If you wanted to underscore the continuity in strategy that exists for Afghanistan and Pakistan now that President Obama has fired Gen. Stanley McChrystal, there is absolutely no more potent symbol of* doubling down* on that strategy than to place Gen. David H. Petraeus — the foremost counterinsurgent in the military and the most respected and distinguished Army officer since Colin Powell — at the helm of the faltering NATO war in Afghanistan. Politically, it’s a masterstroke. Not only was his name never mentioned as a replacement for McChrystal, but he’s a secular saint in Washington.
Substantively, there it is: the officer most credited with miracle work from Iraq, an architect of the current strategy in Afghanistan, going to attempt to pull the war out of the fire. It’s an amazing expression of faith — not just in Petraeus, but in the strategy itself. With one crucially important caveat: Petraeus’s conception of the July 2011 date for transition to Afghan security control is most certainly not what many progressive supporters of Obama and opponents of the war hope. He told the Senate last week that he supports the date as a way of pressing President Karzai to perform, but understands it as a very gradual “conditions based” withdrawal of U.S. troops. And while he said that it wasn’t “envisioned” to send more troops to Afghanistan, he refused to rule it out as an option. Petraeus’s accidental arrival in Afghanistan signifies Obama has firmly sided with Petraeus against Vice President Biden, who wants a very substantial drawdown of U.S. forces beginning in 2011.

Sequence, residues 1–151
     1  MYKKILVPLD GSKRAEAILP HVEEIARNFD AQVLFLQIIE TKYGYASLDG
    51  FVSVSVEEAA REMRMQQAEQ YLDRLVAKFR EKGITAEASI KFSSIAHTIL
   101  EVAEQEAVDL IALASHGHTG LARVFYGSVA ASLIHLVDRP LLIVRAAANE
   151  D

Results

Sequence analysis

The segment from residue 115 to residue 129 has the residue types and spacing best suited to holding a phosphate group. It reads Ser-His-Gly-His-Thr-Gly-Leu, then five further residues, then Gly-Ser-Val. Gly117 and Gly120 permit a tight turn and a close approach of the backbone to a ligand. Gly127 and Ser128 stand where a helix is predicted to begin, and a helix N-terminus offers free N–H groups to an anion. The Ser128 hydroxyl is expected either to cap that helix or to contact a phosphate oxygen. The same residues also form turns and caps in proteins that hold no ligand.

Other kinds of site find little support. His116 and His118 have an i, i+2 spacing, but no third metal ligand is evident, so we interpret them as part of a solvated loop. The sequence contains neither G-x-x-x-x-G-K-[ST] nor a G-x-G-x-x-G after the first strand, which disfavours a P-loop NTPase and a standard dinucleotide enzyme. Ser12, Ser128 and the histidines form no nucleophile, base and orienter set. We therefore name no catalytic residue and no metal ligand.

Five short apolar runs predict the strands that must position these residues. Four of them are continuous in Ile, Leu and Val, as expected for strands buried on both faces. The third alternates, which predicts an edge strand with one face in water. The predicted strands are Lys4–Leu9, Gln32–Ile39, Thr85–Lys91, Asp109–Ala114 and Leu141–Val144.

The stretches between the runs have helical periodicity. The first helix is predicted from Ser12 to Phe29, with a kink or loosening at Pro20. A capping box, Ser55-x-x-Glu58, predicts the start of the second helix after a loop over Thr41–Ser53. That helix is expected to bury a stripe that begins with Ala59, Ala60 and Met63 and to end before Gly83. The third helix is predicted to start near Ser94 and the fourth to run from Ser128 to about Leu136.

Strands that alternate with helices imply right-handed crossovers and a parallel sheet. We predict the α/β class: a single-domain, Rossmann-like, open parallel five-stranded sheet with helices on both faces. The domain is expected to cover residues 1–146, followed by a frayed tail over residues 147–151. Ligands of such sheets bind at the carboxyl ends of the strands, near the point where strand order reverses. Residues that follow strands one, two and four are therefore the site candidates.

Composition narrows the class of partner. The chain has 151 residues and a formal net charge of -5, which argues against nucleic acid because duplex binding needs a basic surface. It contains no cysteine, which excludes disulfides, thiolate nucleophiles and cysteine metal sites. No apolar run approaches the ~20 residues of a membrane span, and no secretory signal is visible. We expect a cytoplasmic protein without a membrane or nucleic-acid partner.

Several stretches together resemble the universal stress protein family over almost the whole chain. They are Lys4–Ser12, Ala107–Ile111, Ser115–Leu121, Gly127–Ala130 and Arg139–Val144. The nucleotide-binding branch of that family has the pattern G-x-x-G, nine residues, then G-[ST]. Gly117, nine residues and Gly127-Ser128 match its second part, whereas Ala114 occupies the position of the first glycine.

Now expect to hear all this from Obama and Petraeus themselves.
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